Tuesday, September 17th

State

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A man squirrel hunting with his brother in Dodge County accidentally shot and killed his brother Tuesday morning.

The 61-year-old man told authorities he saw movement, fired his weapon and struck his 65-year-old brother, according to the Wisconsin Department of Natural Resources. Their names and hometowns were not immediately released.

Dodge County Sheriff's deputies were called to state-owned property near County Highway G and Mud Lake Road in Reeseville around 7 a.m. 

Squirrel hunting season in Wisconsin started last weekend.

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Milwaukee police Sgt. Douglas Wiorek explains how the body camera attached with a clip near the ear is better than on the chest area, as it could be blocked if the officer is holding a firearm, in this file photo from 2015.(Photo: Mike De Sisti/Milwaukee Journal Sentinel)

MADISON - Police would be required to keep body camera footage for at least four months and often much longer under a bill that went before a legislative committee Tuesday. 

Under the legislation, the public would have access to some footage under the state's open records law, but some footage could be withheld if it showed victims, minors or people in places where they have an expectation of privacy, such as their homes. 

Lawmakers have clashed for years over police body cameras as they wrestled with when to make material available to the public and when to keep it private.

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MADISON - Fifty-six counties will see a total of 65 new faces in each county's chief prosecutor's office, Gov. Tony Evers announced Tuesday.

It's the first time in more than 10 years state funding has created positions for new county prosecutors to help district attorneys, who have argued for years their caseload is outpacing the number of people in their offices to handle it. In all, the new positions will cost $7.8 million.

"For far too long our county district attorney offices have been doing more with less," Evers said in a statement. "This historic investment will enable our county officials to improve victims services, enhance diversion and treatment options for those struggling with substance use disorders, and address backlogs that are standing in the way of justice."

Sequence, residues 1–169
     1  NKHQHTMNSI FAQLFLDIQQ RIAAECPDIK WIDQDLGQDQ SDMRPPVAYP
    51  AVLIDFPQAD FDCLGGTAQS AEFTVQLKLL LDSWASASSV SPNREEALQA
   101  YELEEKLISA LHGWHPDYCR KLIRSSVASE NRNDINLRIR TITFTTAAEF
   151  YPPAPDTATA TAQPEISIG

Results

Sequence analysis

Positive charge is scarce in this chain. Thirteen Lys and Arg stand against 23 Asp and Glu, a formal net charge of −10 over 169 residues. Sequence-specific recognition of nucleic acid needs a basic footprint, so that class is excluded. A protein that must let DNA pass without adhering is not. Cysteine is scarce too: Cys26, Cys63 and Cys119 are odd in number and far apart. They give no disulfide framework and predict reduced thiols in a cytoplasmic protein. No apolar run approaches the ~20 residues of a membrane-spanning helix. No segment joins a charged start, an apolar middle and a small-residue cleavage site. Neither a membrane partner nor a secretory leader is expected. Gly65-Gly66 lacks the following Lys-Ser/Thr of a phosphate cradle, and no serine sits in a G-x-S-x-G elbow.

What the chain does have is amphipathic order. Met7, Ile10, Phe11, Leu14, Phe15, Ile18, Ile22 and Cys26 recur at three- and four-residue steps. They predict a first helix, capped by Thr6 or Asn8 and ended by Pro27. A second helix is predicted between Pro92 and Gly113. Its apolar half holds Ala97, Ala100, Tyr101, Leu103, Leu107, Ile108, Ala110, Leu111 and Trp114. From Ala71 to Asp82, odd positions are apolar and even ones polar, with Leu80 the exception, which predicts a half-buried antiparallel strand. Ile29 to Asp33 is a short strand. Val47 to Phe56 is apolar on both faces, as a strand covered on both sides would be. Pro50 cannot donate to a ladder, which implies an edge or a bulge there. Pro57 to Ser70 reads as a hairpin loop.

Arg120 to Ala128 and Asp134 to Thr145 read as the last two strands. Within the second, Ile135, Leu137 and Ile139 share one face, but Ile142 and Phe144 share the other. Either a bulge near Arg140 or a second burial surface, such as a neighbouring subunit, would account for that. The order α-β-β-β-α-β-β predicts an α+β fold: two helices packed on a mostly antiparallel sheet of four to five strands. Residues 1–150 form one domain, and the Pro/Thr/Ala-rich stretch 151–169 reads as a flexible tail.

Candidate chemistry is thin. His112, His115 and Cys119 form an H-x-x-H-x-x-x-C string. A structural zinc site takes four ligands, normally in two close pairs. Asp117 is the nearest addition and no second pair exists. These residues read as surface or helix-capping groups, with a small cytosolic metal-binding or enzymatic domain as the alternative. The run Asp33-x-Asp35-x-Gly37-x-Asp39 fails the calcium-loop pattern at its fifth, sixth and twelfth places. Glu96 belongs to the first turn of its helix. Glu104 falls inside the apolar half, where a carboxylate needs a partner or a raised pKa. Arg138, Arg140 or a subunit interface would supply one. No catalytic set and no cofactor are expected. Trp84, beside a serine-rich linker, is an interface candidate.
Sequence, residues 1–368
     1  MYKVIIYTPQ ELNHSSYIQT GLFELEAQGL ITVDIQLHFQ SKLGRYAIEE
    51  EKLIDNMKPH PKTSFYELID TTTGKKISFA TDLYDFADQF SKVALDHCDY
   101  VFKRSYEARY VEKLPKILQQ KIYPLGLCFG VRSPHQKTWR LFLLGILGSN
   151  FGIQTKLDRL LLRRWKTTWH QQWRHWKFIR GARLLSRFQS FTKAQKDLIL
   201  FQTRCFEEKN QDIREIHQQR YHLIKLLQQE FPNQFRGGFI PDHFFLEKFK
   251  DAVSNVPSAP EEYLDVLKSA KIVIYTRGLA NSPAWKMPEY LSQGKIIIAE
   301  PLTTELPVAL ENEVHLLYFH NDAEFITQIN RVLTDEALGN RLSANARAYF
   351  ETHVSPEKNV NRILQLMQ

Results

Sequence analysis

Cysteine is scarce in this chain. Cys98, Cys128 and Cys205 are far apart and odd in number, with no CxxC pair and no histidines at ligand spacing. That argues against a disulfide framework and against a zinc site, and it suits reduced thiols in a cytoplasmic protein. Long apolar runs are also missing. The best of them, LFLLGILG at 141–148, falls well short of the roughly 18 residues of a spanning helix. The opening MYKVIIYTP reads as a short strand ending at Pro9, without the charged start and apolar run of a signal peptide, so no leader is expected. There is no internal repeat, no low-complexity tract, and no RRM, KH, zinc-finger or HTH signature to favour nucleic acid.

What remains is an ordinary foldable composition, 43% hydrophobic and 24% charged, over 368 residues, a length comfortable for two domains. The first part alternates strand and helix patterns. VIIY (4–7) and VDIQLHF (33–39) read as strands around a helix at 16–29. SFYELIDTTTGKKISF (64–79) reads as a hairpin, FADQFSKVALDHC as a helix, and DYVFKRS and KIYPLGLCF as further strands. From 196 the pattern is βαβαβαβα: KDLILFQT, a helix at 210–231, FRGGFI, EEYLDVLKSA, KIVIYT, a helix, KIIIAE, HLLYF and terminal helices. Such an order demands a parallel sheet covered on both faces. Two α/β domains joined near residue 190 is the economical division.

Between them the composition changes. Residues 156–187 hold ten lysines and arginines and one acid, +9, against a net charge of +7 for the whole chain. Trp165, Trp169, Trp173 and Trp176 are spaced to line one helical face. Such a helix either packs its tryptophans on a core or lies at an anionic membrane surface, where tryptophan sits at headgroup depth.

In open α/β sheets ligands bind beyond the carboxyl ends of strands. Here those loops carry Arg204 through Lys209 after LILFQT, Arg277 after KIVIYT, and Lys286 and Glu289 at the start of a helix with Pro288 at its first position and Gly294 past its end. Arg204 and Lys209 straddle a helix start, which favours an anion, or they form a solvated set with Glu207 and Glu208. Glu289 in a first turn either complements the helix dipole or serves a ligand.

Evers' decision to add the new assistant district attorneys to the 56 counties comes after he vetoed a provision in the Republican-written state budget that would have added more prosecutors across the state but none for the state's largest county.

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MADISON - Scott Fitzgerald, a fixture of the Wisconsin state Senate for the last 25 years, announced Tuesday he would seek a higher office in the U.S. House.

Fitzgerald, 56, is the first Republican to enter the race to replace retiring Congressman Jim Sensenbrenner and launches a bid to represent the deeply conservative district at a time when his ties to President Donald Trump may turn off some voters in the Milwaukee suburbs.

But Fitzgerald also seeks the seat with GOP bona fides his likely opponents lack after ushering in some of the most conservative state policies in recent decades — including all but eliminating collective bargaining abilities for most public employees.

"I've done a lot of things in Madison that are, I think, put the state in a better position. I've driven a lot of conservative policy over the last 25 years and 12 years as majority leader," Fitzgerald told conservative talk radio host Jay Weber on WISN.

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Senate Majority Leader Scott Fitzgerald, R-Juneau, speaks to a crowd awaiting an appearance by then-Indiana Gov. Mike Pence at the Waukesha Expo Center in this July 27, 2016 file photo.(Photo: Michael Sears, Milwaukee Journal Sentinel)

MADISON - The leader of the state Senate is expected to announce soon his candidacy for Congress — a campaign that may have already begun at a Sunday parade in Jefferson County. 

Sen. Scott Fitzgerald, a Republican from Juneau, hasn't yet answered definitively whether he will launch a campaign to replace retiring U.S. Rep. Jim Sensenbrenner but all signs point to a congressional bid. The latest clue: "Fitzgerald for Congress" is listed as an entrant in Sunday's Gemuetlichkeit Days Parade in Jefferson. 

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Parade chairwoman Sarah Bieck also confirmed Fitzgerald himself appeared in the parade and entered the event under the congressional campaign slogan.